This is not the desired reaction for several reasons. Even apart from the fact that antiheroes are hard to pull off in musicals, a show in which everyone dies at the end (or where the audience hopes they all will) is just not a good business proposition. ‘Downers’ – shows with dramatic aspirations and sad endings – used to sell tickets. They don’t anymore. Classic ‘downers’ still work if the timing and casting are right. But people spend £65/$100 on tickets to new musicals to be cheered up. An ending that isn’t entirely happy is OK, but it needs to be broadly uplifting with most, if not all, of the good guys still breathing.

Any proposal for a ‘downer’ gets an automatic strike against it. This doesn’t mean I discount it outright, but I read on thinking ‘probably not’.

Back to the producers’ pack. I turn the page and find a series of bios for the key creatives and non-creatives. Surprise, surprise, they’re mostly music industry people. Some people work brilliantly in both spheres, but I always watch out for whether non-theatre people are applying non-theatre principles to theatre projects: that’s generally a recipe for disaster. The theatre business is very different from the music business – much more than you’d think. The audience has different expectations and fulfilling those expectations is how you create a successful show.

I turn the page again. Here’s the business plan bit: the ‘numbers’ bit. The numbers in a show proposal focus on how much it will cost to produce the show and run it… and must include projections about how long it will take the show to recoup. Projections should show the number of months it will take to recoup (and, hopefully, move into profit) if the theatre is X% full, Y% full, etc. All of this is impacted by the percentages that various people will take off the top, and then there are the fixed and on-going fees these people want to pay themselves. The producers’ pack includes all this info: so far so good.

Now if you’re wondering at the comment about creatives taking money off the top, here’s a good thing to note: that’s perfectly normal. It’s standard practice. So there’s no ‘third strike’ as you might expect. However, I pay attention to how much the creatives plan to skim off the top as (usually) they’ll be taking this money out of the gross profits before recoupment of the initial investment. Big names in the field often skim so much that it’s all but impossible for a show to recoup, even if it’s moderately successful, hence the astounding fact that the majority of shows lose money, even if they run for two or more years.

What else do I look out for in the numbers? Well, one of the key things is the projected ticket price. It’s no good knowing that at 60% capacity (i.e. when, on average, there are bottoms placed daintily upon 60% of the  seats) the show will recoup within 14 months if you have to halve the ticket price to get bums on 60% of your seats (to use the normal, less dainty Londonparlance). Ideally, I want to know the top and bottom ticket prices, but what I need to know is the projected average ticket price, then I ask myself whether this is realistic given how many tickets are sold to groups – getting group rates.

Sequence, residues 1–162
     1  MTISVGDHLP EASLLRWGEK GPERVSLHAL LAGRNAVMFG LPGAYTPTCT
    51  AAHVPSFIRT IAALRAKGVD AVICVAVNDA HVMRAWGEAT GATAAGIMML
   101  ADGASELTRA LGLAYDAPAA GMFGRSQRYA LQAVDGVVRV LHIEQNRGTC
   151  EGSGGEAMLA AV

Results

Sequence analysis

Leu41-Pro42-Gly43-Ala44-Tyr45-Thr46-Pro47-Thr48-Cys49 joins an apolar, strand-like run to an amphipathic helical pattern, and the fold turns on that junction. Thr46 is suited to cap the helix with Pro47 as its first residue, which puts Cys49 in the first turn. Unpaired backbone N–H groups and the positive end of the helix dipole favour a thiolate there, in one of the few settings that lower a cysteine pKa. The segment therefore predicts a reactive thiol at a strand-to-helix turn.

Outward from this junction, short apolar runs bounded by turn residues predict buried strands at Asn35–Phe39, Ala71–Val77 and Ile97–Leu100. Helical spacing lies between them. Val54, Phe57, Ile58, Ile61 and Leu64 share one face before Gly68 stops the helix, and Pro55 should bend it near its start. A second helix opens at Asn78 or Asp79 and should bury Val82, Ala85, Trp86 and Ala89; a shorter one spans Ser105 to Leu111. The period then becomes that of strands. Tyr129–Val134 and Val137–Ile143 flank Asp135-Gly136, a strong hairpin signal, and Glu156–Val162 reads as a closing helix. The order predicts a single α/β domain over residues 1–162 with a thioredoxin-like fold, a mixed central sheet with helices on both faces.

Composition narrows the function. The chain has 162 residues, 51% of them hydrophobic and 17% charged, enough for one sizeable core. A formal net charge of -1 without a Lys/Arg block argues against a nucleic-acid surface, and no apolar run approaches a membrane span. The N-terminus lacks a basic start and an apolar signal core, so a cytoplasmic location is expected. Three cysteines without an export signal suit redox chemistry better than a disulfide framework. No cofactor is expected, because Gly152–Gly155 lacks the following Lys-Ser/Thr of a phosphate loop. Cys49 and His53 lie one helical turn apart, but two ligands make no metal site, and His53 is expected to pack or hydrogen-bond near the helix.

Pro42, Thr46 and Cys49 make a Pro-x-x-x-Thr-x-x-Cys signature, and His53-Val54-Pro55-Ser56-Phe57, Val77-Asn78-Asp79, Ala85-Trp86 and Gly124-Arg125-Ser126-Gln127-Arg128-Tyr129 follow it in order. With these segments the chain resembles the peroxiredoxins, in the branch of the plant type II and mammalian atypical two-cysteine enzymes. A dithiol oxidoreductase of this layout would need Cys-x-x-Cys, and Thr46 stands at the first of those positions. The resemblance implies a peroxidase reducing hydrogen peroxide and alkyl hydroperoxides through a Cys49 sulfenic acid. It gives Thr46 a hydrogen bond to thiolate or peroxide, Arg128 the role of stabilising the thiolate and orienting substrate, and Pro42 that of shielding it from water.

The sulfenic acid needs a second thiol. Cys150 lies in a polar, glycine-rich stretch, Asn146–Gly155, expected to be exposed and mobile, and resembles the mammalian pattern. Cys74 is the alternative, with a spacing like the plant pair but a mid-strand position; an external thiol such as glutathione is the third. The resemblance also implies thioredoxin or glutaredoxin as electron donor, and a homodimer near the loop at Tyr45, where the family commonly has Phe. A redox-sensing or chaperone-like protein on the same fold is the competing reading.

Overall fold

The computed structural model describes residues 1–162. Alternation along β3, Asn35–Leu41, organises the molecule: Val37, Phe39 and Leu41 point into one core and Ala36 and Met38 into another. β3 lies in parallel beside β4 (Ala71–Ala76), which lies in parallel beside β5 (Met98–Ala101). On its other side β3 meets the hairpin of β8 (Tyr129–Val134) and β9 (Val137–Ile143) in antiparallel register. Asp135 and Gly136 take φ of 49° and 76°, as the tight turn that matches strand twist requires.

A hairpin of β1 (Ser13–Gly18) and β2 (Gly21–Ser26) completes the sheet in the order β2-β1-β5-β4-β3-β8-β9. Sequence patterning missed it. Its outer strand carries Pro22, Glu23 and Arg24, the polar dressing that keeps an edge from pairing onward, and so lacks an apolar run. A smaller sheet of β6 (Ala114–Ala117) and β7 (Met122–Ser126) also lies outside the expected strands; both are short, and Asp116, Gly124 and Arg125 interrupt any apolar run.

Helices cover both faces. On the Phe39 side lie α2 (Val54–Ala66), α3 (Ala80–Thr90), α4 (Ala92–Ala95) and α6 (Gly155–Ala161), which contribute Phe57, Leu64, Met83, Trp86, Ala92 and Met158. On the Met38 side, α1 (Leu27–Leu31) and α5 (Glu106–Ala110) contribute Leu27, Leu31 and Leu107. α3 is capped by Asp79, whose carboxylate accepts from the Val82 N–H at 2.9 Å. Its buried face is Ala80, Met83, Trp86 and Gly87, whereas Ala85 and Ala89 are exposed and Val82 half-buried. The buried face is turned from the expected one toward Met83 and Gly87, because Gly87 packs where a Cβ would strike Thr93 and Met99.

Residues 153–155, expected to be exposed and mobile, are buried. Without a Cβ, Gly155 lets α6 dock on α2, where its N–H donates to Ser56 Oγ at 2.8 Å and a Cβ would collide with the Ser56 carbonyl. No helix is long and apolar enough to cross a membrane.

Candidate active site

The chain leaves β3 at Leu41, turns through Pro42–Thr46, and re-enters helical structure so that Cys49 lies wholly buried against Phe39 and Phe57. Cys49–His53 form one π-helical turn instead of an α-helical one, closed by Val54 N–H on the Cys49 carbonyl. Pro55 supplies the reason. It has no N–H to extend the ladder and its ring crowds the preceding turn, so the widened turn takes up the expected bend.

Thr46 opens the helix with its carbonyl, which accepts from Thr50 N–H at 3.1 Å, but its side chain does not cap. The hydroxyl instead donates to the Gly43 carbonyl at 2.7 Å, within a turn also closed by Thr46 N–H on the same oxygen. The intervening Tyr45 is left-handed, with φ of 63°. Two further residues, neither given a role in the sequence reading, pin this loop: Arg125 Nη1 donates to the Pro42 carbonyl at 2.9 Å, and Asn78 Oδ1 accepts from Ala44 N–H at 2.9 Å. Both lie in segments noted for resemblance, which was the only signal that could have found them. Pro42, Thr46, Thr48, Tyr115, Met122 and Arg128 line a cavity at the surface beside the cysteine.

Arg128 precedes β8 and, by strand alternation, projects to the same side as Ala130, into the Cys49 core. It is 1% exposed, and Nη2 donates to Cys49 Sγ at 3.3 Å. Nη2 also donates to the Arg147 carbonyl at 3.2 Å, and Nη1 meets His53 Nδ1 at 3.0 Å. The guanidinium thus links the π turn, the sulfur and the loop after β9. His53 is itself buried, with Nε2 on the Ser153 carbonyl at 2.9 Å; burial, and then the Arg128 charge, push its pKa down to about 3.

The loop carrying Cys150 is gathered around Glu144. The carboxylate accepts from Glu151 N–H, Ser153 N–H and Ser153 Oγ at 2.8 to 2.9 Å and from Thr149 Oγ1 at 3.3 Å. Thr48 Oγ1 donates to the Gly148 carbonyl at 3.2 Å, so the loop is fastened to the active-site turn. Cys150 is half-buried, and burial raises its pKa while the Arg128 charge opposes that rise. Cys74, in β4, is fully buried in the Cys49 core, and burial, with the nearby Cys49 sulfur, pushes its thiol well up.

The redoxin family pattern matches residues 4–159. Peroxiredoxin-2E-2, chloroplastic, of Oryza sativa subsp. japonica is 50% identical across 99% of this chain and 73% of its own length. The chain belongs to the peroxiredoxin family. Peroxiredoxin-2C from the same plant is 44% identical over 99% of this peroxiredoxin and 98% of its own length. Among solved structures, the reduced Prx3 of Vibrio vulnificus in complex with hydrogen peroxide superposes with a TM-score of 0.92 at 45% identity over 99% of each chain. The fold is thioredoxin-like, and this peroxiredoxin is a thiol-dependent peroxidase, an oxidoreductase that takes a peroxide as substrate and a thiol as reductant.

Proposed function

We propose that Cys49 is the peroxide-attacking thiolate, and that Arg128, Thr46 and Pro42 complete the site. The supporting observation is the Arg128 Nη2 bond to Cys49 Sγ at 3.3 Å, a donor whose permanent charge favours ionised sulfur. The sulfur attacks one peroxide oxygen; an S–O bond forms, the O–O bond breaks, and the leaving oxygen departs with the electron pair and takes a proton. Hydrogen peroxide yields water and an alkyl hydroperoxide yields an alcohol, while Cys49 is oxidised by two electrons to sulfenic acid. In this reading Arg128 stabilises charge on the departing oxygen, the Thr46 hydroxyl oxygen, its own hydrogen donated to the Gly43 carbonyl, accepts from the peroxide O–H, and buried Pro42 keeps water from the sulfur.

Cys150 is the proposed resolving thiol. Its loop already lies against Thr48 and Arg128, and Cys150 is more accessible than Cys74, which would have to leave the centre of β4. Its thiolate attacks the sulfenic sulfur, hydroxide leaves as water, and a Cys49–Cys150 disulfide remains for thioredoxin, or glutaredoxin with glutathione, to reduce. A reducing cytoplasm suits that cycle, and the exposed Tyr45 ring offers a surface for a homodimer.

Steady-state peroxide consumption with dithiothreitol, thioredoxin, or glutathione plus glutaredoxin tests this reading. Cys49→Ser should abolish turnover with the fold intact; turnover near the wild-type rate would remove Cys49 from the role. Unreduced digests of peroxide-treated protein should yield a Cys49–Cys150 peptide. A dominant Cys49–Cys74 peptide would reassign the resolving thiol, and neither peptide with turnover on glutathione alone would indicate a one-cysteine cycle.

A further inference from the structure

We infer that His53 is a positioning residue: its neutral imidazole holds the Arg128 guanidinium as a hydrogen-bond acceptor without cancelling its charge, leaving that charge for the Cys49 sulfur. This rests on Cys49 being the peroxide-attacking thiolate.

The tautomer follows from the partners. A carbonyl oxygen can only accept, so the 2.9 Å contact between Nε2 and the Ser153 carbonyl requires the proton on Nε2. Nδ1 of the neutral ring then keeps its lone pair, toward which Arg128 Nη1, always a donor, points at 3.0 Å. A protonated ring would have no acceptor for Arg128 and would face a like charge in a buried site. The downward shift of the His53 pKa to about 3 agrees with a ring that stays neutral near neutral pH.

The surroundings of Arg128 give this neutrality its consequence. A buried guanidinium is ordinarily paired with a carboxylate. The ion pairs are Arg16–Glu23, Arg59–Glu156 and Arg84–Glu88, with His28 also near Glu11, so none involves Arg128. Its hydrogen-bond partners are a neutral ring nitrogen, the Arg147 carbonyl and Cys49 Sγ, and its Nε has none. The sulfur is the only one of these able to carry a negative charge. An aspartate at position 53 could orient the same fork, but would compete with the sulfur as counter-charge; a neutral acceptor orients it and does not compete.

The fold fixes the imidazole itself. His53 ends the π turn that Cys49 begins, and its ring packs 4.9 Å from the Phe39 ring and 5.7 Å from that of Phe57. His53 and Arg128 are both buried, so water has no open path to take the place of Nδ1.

I also look carefully at the projected running costs. Non-theatre people always underestimate how much it costs to run a theatre building (i.e. to keep the theatre ‘lit’). They also seem unaware that these costs stay the same whether the show does well or not. Incidentally, having a theatre ‘dark’ (i.e. a theatre without a show in it) also has costs… but that’s a problem for theatre owners and, to a lesser extent, theatre managers. However, it’s worth noting that a lot of big producers also have an ownership interest in one or more theatres. The US-based Nederlander Organization, for instance, has an interest in 9 Broadway theatres and 3West Endones (among other entertainment venues). Sometimes a good way forwards for a new, low-cost show that can be put on at short-notice is to apply to a big theatre that is likely to be dark for a small, hard-to-fill slot: in other words, when a previous big show has crashed and burnt and, therefore, closed far earlier than anticipated. If there’s any chance to get the theatre lit quickly with a small(ish) (we are still talking West End/Broadway here) show that won’t lose the owners more money than having the theatre dark, there’s a possibility that they’ll be willing to produce it… and to make a quick investment decision that will give you the money and the theatre. It’s worth considering if you have the right contacts: get your proposal on the right desk at exactly the right money and…

Anyway, back to the producers’ pack… Next, I look at what ‘cushions’ have been put in to deal with unexpected expenses. There are always lots of these across a variety of departments. The director throws a hissy fit about the concept for a particular scene, so out go all the costumes and the sets for that scene… and in come glitter guns and a whole new backdrop. This one change adds an unplanned £30,000 or more to the production costs. (Really – I’ve actually seen that one happen.)

‘But how about all the creative stuff?’ you ask. ‘This stuff’s interesting enough, but that’s what I really want to know about!’ Well, here’s a little tip on planning series, whether we’re talking a series of books or of blog-posts. There’s always temptation to pack in all your best material right away to make sure you’ve captured your audience. But if you want to keep on writing this won’t do you any favours. It’s why so many sequels are huge disappointments: all the good stuff is in the first of the series and so the whole of ‘Number 2′ is spent building up enough background and plot/character-arcs to execute a successful ‘Number 3′. Don’t make that mistake. Save some of the good stuff for later on… Keep something juicy for the sequel.